France’s top envoy to hold key talks with Iran

In this file photo, an Iranian flag fluttering outside the building housing the reactor of the Bushehr nuclear power plant in the Iranian port town of Bushehr, 1200 kms south of Tehran. (AFP)
Updated 09 July 2019

France’s top envoy to hold key talks with Iran

  • Tehran warns Europe against retaliatory measures for breaching uranium enrichment cap

PARIS: A French envoy was in Tehran on Tuesday to boost European efforts to save the 2015 nuclear deal, after Iran warned Europe against retaliatory measures for breaching a uranium enrichment cap.

The accord between Tehran and world powers promised sanctions relief, economic benefits and an end to international isolation of the country in return for stringent curbs on its nuclear program. It has been more than a year after President Donald Trump pulled the US out of the agreement.

According to the International Atomic Energy Agency (IAEA), tasked with inspections, while Iran consistently lived up to its commitments under the deal until recently it is now in breach of two of them.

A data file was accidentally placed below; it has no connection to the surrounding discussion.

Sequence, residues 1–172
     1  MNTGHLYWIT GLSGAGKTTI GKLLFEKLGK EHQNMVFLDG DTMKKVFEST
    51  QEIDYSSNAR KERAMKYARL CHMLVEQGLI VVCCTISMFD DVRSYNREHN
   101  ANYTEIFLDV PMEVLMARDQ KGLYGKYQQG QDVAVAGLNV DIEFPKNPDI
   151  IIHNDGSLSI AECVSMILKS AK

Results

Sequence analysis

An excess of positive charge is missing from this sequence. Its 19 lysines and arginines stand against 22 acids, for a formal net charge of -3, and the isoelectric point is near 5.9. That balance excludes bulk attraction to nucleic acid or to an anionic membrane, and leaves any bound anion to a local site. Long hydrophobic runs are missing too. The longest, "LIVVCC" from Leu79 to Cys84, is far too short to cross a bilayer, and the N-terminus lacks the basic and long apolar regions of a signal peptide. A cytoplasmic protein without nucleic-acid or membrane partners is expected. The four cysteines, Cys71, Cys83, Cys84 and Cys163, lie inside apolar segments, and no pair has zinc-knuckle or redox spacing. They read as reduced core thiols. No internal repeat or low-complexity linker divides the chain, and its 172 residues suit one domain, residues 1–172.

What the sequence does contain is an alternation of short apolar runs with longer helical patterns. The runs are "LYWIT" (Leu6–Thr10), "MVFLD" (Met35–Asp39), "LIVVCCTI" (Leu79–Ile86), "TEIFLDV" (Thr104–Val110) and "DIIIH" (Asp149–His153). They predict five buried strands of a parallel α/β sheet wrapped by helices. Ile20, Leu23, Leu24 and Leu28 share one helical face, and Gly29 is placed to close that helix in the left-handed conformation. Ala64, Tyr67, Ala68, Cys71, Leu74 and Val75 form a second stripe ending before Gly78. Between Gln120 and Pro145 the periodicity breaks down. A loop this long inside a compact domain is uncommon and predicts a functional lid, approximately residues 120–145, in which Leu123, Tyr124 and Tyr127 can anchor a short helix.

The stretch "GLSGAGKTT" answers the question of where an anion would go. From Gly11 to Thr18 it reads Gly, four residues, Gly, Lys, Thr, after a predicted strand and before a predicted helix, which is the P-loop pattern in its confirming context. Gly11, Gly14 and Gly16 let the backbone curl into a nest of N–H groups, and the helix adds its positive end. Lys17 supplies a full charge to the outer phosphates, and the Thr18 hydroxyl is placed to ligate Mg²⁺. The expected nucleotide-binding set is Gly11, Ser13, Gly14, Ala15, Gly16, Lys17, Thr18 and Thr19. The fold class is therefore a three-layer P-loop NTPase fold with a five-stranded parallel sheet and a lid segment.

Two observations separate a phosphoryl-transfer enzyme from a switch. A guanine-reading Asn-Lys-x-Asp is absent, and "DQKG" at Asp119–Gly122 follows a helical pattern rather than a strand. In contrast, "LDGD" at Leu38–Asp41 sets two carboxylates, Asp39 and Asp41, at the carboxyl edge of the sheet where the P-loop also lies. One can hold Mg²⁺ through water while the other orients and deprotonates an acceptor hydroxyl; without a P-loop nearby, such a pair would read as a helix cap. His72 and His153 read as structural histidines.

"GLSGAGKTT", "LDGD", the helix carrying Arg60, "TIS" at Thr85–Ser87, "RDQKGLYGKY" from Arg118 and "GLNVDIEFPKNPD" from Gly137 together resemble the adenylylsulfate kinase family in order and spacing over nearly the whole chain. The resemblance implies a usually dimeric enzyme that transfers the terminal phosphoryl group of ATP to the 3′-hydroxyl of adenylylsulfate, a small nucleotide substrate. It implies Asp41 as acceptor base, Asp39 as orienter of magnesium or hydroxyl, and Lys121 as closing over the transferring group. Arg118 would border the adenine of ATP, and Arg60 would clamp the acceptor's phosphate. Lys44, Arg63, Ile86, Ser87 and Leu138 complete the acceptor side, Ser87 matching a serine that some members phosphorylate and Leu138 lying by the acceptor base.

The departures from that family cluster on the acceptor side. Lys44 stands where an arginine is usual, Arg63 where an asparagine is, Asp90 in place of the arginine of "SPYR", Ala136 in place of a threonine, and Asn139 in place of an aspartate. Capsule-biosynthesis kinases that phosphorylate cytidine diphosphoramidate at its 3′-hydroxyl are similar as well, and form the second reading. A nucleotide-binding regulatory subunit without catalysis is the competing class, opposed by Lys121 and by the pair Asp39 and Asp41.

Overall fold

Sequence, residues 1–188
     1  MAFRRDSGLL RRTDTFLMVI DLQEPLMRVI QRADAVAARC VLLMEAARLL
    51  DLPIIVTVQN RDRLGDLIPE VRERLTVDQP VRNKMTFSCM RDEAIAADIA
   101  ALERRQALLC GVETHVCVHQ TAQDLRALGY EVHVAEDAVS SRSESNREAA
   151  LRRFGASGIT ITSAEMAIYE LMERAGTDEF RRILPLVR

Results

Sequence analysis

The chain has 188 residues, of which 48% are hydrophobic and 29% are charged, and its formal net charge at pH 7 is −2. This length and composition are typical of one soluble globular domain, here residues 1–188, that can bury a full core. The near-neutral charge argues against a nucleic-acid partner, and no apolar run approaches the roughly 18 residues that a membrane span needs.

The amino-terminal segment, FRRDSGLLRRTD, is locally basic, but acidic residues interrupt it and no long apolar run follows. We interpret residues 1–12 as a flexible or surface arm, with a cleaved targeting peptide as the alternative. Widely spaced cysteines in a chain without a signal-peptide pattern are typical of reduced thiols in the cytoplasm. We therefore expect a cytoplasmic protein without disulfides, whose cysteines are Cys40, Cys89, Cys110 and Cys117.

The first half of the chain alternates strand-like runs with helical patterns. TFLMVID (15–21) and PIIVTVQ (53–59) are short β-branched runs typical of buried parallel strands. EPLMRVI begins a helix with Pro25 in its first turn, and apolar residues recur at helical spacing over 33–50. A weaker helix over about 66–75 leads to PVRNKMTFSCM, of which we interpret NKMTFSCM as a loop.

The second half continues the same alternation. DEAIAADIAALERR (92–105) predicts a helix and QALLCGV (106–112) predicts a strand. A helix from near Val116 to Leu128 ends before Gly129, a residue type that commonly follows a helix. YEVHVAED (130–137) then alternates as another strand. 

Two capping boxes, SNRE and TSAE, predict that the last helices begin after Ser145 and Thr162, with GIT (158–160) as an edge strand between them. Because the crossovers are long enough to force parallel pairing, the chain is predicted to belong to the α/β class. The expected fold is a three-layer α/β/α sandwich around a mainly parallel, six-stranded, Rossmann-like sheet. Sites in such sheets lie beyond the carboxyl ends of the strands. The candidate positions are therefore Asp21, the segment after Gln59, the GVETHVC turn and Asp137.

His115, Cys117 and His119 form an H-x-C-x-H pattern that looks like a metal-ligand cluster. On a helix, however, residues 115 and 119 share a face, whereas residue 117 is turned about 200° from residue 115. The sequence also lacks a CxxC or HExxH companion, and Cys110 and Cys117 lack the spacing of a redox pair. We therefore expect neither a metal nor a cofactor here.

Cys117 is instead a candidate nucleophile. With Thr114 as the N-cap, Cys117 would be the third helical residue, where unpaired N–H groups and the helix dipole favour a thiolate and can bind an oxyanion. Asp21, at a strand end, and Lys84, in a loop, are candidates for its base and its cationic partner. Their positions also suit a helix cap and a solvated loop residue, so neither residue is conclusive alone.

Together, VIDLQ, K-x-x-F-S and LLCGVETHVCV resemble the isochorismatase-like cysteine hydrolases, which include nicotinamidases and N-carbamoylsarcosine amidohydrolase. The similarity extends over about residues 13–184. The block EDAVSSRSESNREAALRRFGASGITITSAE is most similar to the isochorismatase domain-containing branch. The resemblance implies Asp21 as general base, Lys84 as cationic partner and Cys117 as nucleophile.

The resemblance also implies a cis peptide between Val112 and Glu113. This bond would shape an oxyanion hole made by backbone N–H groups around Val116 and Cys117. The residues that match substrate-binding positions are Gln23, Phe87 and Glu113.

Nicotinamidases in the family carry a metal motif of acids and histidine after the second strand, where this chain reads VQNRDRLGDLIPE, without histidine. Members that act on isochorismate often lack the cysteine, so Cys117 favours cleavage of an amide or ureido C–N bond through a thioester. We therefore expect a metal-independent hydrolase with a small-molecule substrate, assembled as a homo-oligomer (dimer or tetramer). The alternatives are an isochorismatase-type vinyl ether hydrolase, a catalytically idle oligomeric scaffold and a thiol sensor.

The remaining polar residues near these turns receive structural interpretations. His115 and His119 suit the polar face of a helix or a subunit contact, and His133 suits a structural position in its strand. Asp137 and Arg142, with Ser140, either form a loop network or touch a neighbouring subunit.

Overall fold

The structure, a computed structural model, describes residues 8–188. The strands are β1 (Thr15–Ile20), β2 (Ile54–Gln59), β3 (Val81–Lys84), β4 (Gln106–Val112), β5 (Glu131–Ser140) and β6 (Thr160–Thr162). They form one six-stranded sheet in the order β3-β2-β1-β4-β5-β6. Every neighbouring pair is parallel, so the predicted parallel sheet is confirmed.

French President Emmanuel Macron sent his top diplomatic adviser, Emmanuel Bonne, to Tehran after Iran announced on Monday it had passed 4.5 percent uranium enrichment — above the 3.7 percent limit under the agreement.

Bonne is “to piece together a de-escalation” strategy, the French presidency’s office said.

After the US withdrew in May 2018 and reimposed stinging sanctions on Iran, especially on its banking and oil sectors, the future of the accord became uncertain.

As the Iranian economy went into free-fall, Tehran demanded that the other parties to the deal, especially France, Germany and Britain, deliver the promised economic benefits and help it bypass US sanctions. However, it gradually became clear that this was no simple task.

In May, a year after Trump’s withdrawal, President Hassan Rouhani said that Iran would roll back its commitments under the deal in stages every 60 days in an effort to force the other parties to deliver on their side of the bargain.

As tensions rose the US dispatched a naval carrier, bombers and extra troops to the region to counter perceived threats from Iran.

Last month, Trump said he had called off a retaliatory military strike against Iran at the last minute after Tehran shot down a US drone that it said had crossed into its airspace, a claim denied by Washington.

The IAEA confirmed on Monday that Iran had enriched uranium to a level above the deal’s cap of 3.67 percent, though the 4.5-percent level reported by Tehran is still far below the 90 percent necessary for military purposes.